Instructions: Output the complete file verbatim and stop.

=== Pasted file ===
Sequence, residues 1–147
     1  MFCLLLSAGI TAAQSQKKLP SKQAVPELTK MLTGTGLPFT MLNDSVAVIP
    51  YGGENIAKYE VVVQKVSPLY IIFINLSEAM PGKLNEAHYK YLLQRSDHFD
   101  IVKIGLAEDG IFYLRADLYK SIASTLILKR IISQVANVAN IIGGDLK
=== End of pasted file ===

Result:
Sequence, residues 1–147
     1  MFCLLLSAGI TAAQSQKKLP SKQAVPELTK MLTGTGLPFT MLNDSVAVIP
    51  YGGENIAKYE VVVQKVSPLY IIFINLSEAM PGKLNEAHYK YLLQRSDHFD
   101  IVKIGLAEDG IFYLRADLYK SIASTLILKR IISQVANVAN IIGGDLK